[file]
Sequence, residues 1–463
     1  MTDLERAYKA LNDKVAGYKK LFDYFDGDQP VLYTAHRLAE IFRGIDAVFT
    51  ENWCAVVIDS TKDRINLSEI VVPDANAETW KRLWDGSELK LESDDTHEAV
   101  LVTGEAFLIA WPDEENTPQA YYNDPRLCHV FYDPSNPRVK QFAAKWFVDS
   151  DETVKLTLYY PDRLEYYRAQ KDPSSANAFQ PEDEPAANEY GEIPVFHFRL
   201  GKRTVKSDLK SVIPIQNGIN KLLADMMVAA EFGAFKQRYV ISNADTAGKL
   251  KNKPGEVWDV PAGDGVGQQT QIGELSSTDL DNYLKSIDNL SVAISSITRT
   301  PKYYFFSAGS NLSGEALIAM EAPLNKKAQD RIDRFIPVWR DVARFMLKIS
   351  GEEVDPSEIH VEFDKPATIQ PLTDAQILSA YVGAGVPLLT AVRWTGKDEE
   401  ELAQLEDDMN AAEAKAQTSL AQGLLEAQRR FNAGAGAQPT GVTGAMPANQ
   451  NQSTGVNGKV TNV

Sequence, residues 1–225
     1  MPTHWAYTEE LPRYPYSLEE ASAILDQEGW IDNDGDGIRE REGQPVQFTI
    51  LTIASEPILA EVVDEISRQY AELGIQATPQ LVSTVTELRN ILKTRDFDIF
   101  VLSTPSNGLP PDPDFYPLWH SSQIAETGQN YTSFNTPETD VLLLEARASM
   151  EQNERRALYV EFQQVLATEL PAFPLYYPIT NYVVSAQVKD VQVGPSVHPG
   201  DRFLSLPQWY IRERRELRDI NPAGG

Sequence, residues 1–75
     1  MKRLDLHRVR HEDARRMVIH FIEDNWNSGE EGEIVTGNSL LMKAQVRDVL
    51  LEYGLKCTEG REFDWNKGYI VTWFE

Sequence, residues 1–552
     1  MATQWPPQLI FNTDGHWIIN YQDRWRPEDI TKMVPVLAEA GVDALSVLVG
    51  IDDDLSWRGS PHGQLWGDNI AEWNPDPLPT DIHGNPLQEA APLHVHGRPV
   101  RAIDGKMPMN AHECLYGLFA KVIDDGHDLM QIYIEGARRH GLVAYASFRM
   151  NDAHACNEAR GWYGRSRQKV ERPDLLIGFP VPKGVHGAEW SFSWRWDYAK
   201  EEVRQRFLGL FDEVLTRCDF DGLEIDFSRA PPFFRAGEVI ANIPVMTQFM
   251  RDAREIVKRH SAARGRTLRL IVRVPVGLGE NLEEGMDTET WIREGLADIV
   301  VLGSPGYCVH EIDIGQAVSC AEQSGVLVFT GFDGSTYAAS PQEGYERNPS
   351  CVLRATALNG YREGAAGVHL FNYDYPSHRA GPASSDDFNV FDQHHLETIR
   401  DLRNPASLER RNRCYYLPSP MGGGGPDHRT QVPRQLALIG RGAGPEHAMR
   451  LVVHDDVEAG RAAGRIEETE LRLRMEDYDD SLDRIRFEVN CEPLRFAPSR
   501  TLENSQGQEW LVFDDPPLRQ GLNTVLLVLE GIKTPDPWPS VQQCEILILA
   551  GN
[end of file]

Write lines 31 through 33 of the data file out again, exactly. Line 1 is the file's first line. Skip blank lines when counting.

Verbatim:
   451  LVVHDDVEAG RAAGRIEETE LRLRMEDYDD SLDRIRFEVN CEPLRFAPSR
   501  TLENSQGQEW LVFDDPPLRQ GLNTVLLVLE GIKTPDPWPS VQQCEILILA
   551  GN